Another icon of Houston that’s connected to sports is the legendary Astrodome which some call the “Eighth Wonder of the World.” Today its future remains unclear, but back in the days it used to be a very modern arena and the world’s first multi-purpose domed sports stadium. I picked two movies to represent it, the first one being “Friday Night Lights” from Peter Berg from 2004.
Billy Bob Thornton gives an enigmatic performance as the head coach of a Texas high school football team, who overcomes losing his star quarterback in the beginning of the season and deals with the blowback and the high expectations of a small town full of die-hard football fans that expect nothing but the title from the young players. And guess where the final game takes place? Loosely based on real events, this masterpiece of a sports drama also spawned a popular TV show of the same name two years later, without the Astrodome, but with some of the same actors from the movie. Checking out both is mandatory for real Texans and those who want to be, as well as fans of football. The second one is the 2017 film “Battle of the Sexes” with Emma Stone and Steve Carell. It depicts the legendary tennis match between Billie Jean King and Bobby Riggs that took place in 1973 at the Astrodome.
In a fight for equal pay and to stand up against gender discrimination, King takes on Riggs’ dare to show once and for all that men and women are equal. Unfortunately, this issue wasn’t settled that night, mostly because she won (it’s not a spoiler if it’s history), but the film gives a good insight under how much pressure an athlete must be under when forced to standup for their beliefs and be bullied for it. Something that is very topical in the light of Colin Kaepernick’s activism today.
Another classic with a tie to Houston is “Independence Day” from Roland Emmerich. This science fiction movie from 1996 cemented former Fresh Prince Will Smith’s status as leading man in Hollywood and started a long series of disaster movies from the director. Who else than the later “Man in Black” would be suited to fight an alien invasion on Mother Earth? What put this movie on the list is the scene where Houston is nuked by the US government with nuclear missiles in a desperate attempt to stand up against the massive sun-covering space ships which obliterated our beloved city into dust, but left the ships unscathed. Luckily this is only a movie; let’s hope that if aliens come to visit some day, they’ll join us peacefully for some BBQ and a Shiner!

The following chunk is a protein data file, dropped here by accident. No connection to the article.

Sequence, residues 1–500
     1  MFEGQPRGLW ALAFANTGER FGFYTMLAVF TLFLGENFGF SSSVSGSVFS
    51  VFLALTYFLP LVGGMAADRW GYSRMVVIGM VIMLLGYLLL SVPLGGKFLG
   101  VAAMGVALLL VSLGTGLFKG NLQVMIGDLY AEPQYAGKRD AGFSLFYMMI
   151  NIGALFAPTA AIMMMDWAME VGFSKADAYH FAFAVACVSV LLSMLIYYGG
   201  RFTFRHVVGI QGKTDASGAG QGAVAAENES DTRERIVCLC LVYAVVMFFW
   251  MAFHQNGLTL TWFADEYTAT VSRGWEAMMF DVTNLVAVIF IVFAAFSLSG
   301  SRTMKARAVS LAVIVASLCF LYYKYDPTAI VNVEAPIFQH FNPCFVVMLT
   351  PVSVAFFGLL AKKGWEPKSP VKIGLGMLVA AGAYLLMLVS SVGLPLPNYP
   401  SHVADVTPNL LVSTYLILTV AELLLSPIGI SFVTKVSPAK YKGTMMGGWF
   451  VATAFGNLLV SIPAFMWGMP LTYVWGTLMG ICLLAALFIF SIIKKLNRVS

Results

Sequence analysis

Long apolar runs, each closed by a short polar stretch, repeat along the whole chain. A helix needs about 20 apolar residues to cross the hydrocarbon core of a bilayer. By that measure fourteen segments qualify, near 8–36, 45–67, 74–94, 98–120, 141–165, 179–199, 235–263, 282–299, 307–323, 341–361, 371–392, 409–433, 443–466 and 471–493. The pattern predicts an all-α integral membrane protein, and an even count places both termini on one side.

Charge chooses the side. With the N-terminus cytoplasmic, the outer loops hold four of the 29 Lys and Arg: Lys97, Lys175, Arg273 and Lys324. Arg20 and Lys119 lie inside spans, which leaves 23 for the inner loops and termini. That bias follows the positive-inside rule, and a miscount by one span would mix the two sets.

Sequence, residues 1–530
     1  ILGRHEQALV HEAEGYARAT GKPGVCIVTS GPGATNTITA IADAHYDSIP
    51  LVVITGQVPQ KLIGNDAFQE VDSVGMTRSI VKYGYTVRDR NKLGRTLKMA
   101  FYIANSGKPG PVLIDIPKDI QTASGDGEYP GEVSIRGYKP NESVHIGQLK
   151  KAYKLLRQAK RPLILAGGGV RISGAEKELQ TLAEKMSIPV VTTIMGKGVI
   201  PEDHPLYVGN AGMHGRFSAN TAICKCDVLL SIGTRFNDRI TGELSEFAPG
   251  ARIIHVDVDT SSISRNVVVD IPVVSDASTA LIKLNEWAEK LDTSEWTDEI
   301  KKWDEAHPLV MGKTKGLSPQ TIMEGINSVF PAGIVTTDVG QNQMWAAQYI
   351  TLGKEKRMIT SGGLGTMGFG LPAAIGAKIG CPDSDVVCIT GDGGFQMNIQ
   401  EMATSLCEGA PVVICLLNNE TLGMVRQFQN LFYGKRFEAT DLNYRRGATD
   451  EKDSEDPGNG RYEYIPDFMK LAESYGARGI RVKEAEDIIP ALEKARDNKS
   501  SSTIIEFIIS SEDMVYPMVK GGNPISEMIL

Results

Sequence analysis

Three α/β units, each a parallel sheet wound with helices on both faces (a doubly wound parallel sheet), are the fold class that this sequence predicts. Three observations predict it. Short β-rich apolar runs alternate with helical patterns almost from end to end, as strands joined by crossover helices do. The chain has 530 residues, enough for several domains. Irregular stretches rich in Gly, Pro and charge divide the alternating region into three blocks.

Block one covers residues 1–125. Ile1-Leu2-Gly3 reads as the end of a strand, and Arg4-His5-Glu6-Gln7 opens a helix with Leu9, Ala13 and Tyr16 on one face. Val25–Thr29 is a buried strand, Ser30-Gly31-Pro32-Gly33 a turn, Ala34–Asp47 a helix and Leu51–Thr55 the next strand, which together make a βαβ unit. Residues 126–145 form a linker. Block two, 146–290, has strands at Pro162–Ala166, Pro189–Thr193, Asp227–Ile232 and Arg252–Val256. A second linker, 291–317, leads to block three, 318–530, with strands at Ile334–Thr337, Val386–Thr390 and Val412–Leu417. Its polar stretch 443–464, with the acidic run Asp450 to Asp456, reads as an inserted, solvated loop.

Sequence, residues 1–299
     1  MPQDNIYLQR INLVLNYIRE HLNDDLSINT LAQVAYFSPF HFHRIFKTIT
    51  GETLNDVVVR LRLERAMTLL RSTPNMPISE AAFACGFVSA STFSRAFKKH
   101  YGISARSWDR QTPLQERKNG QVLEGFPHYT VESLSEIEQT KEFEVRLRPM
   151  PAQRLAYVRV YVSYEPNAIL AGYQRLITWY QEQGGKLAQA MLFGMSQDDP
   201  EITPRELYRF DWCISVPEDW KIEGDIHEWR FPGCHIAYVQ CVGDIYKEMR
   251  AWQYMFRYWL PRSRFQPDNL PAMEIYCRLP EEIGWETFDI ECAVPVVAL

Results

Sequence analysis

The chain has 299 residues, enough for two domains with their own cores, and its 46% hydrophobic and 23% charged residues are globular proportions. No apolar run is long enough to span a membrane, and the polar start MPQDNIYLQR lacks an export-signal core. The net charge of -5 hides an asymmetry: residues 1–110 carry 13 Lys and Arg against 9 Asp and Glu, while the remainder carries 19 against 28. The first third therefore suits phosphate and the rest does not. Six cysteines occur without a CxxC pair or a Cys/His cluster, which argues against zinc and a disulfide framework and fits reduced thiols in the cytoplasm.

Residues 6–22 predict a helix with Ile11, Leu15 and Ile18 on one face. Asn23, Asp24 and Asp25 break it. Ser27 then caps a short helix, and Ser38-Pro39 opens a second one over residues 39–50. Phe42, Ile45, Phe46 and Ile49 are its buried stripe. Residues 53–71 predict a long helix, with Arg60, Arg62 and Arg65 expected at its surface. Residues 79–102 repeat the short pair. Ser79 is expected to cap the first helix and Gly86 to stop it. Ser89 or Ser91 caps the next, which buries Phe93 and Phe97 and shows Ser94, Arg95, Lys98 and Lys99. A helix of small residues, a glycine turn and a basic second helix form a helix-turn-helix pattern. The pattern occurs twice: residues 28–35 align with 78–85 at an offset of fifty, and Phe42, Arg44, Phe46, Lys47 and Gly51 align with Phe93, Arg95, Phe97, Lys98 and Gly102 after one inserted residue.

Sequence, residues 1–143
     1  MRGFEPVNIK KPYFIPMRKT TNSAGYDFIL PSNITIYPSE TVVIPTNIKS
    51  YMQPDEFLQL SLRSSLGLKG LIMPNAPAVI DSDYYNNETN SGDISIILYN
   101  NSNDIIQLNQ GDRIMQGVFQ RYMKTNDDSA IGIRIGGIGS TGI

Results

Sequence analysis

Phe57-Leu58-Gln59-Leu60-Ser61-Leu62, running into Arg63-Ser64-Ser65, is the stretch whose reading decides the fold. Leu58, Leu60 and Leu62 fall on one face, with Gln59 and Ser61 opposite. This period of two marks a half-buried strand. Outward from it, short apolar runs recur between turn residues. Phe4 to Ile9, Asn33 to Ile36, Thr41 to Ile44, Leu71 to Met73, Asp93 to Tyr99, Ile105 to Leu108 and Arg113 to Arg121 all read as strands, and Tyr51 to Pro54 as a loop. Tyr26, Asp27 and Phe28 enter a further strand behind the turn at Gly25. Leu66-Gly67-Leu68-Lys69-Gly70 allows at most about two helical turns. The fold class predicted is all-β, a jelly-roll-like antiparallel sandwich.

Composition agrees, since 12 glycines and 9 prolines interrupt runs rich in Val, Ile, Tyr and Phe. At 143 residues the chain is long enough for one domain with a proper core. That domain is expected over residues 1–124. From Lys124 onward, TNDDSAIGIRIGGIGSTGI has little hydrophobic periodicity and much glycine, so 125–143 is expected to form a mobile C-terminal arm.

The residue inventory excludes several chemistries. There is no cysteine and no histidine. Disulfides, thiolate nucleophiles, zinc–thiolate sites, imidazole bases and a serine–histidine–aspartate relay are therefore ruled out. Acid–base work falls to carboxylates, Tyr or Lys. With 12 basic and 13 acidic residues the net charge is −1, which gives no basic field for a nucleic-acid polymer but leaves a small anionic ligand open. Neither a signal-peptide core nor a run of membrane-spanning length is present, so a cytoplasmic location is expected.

I’ll end this list of films with two honorable mentions. “Sidekicks” was released in 1992 and features the Bob Ross of Karate and true Texas Ranger Chuck Norris. There are also some great training montages with prime view on the Pennzoil Place and the Bank of America Center, two of Houston’s most iconic skyscrapers. “Robocop” from 1987 is one of the most iconic science-fiction movies and is notorious for its violence and gore, but also for brilliantly hand-made special effects. Even though it plays in future-Detroit, a good portion of the film was shot in Houston. Even today you can still book tours to visit the shooting sites.
I hope this list helps you to get a little closer to Houston and find a side of it you previously didn’t know about. If anything, it’s a nice walk through over 30 years of film history. Enjoy!